The Eurasian Economic Union is the key integration project for Russia

_ Vladimir Putin, President of the Russian Federation. Moscow, 19 July 2018.

Vladimir Putin took part in a meeting of ambassadors and permanent representatives of Russia at international organisations and associations, where he outlined the main goals of Russian diplomacy – including Eurasian integration.

In the years to come, Russia must not only firmly establish itself among the world’s top five economies, but also substantially improve the key standards related to the quality of life of its citizens. To achieve these strategic objectives we must make full use of our foreign policy opportunities.

It is important that we focus our efforts on achieving specific, pragmatic results, tap new markets, expand exports and gain access to advanced technology and investment, while overcoming the obstacles and limitations Russian companies face in foreign markets.

In today’s world, the principles of competition and openness in global trade are increasingly replaced by protectionism, while economic gain and expediency are swapped for partisan agendas and political pressure. Economic ties and entrepreneurial freedom are being politicised.

Against this backdrop, Russia’s foreign policy must run counter to this trend by being more economically driven and rational. Creating a space of good neighbourly relations, wellbeing, security and stability along the entire perimeter of our state border has special importance.

The Eurasian Economic Union is the key integration project for Russia. It is gratifying that our partners are guided by the same priorities as we are within the EAEU, and we implement them together quite effectively. The essence of these approaches is to use the opportunities arising from the integration processes to stimulate economic growth in all member countries so that citizens and businesses benefit from this cooperation.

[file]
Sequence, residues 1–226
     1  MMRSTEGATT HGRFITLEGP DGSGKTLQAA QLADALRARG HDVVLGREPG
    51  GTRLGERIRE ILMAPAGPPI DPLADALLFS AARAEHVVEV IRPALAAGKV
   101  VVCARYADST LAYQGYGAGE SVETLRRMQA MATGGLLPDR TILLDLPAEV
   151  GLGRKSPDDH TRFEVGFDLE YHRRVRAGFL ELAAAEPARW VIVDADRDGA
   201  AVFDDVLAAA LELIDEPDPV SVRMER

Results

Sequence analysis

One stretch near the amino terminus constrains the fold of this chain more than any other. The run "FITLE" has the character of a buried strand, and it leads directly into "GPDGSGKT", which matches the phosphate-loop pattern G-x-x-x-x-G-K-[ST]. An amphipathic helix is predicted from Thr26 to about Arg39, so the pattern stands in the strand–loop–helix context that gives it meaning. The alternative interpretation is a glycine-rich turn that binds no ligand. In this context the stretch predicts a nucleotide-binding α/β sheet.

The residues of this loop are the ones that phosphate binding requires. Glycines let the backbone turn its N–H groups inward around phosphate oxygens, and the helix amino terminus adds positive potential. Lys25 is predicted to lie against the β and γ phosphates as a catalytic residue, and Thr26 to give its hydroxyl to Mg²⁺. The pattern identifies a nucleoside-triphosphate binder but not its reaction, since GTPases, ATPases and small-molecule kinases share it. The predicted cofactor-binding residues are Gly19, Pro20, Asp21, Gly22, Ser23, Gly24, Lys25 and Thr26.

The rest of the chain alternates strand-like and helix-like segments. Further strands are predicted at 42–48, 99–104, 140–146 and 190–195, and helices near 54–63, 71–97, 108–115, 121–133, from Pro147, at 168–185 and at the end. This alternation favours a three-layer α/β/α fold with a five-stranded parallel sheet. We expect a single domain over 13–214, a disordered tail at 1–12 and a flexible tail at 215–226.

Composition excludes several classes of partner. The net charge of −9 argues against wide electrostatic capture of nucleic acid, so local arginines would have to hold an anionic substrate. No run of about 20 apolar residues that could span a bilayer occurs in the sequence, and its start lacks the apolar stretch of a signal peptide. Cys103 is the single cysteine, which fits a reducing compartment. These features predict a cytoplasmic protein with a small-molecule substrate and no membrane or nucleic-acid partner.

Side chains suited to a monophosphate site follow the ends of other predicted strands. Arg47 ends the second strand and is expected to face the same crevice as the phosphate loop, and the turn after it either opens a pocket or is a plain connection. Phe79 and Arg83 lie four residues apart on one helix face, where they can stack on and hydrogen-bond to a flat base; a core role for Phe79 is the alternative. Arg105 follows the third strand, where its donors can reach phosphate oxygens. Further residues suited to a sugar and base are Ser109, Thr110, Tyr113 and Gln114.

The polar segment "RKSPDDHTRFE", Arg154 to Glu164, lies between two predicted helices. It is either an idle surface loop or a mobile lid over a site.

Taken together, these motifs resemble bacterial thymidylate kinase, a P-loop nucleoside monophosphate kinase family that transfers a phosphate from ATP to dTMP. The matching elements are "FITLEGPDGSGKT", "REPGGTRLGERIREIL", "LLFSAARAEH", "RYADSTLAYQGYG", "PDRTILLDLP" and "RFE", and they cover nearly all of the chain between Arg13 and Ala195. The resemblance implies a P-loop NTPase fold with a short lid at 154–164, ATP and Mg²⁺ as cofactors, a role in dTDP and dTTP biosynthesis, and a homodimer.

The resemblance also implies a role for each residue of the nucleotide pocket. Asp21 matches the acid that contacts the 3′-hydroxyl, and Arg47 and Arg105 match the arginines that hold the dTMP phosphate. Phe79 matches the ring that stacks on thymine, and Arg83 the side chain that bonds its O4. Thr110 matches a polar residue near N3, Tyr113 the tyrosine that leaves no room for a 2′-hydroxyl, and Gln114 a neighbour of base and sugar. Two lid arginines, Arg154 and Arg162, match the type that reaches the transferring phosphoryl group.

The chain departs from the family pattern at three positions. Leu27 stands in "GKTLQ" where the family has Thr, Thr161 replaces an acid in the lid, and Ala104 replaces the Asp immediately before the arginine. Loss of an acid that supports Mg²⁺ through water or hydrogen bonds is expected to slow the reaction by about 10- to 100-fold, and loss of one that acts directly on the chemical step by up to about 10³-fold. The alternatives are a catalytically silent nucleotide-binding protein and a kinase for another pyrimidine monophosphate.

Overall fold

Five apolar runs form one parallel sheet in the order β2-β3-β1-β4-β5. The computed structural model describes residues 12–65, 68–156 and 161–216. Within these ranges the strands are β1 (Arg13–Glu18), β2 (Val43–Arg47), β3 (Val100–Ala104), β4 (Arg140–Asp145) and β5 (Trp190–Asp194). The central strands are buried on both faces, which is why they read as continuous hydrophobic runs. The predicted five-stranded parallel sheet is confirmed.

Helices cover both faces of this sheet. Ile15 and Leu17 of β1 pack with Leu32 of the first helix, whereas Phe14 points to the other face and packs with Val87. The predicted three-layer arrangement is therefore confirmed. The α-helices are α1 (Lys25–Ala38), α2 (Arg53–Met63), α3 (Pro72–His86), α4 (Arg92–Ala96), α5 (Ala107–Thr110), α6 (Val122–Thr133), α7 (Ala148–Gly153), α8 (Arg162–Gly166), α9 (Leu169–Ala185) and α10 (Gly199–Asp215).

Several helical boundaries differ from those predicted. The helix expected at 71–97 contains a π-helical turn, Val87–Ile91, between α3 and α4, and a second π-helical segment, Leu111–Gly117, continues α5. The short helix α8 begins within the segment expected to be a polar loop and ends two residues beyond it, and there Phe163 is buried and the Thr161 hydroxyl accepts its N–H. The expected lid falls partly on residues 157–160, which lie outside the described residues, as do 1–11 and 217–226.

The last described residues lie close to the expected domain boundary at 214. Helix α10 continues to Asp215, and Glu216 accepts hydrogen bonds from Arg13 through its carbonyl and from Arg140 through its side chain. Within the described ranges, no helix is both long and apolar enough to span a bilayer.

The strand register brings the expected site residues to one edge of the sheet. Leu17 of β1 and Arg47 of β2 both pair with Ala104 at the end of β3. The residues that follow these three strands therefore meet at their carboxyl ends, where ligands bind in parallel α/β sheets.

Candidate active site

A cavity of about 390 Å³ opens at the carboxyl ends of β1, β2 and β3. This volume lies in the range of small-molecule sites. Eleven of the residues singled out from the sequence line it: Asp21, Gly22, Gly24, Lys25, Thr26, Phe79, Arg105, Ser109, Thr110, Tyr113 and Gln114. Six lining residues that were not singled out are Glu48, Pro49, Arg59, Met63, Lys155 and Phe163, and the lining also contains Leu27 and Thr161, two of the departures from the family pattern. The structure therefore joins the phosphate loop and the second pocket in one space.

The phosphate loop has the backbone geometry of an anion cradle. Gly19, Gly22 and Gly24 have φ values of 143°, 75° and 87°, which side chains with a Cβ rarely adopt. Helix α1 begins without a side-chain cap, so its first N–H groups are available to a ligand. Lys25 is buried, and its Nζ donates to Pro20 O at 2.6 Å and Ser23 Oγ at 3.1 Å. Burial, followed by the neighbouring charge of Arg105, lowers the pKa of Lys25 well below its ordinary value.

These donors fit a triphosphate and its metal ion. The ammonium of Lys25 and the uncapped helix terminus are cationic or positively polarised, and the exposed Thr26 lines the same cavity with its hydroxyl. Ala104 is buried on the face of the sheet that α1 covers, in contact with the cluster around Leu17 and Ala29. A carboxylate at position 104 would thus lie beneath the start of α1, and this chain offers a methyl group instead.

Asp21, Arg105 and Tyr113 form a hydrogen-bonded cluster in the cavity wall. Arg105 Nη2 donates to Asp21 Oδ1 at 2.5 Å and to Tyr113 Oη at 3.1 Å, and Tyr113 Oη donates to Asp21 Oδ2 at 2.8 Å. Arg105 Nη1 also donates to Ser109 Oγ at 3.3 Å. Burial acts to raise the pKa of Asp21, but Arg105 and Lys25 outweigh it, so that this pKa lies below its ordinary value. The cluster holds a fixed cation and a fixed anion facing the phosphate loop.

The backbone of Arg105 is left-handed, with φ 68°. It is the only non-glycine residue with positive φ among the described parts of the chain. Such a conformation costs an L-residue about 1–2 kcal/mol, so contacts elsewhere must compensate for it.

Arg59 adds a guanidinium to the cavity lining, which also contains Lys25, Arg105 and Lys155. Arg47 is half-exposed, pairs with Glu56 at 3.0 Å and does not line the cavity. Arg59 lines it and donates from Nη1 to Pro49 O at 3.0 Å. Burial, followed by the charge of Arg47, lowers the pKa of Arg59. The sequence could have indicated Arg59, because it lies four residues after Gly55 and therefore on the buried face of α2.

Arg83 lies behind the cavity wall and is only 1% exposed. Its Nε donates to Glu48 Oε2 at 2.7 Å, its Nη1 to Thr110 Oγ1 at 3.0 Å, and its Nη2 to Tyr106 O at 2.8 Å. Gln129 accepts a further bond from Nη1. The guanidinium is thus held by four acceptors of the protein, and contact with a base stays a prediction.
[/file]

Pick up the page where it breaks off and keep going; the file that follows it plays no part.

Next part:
We also believe in the importance of stepping up EAEU contacts with other countries. Its free trade area with Vietnam has been launched, and talks are underway with Israel, Serbia and Singapore. Consultations with Egypt and India are to begin soon. A temporary agreement paving the way to the creation of a free trade area with Iran has been signed. All in all, there are about 50 proposals aimed at establishing partnerships with the Eurasian Economic Union.

Good prospects are opening up due to joint efforts with China resulting from the Agreement on Trade and Economic Cooperation signed in May between Beijing and the Eurasian Economic Union.

The Eurasian Economic Union and the Belt and Road Initiative are efficiently complementing each other. Harmonisation of these projects can lay the foundation for establishing a Greater Eurasian Partnership – an economic cooperation space that is as free as possible from all barriers.


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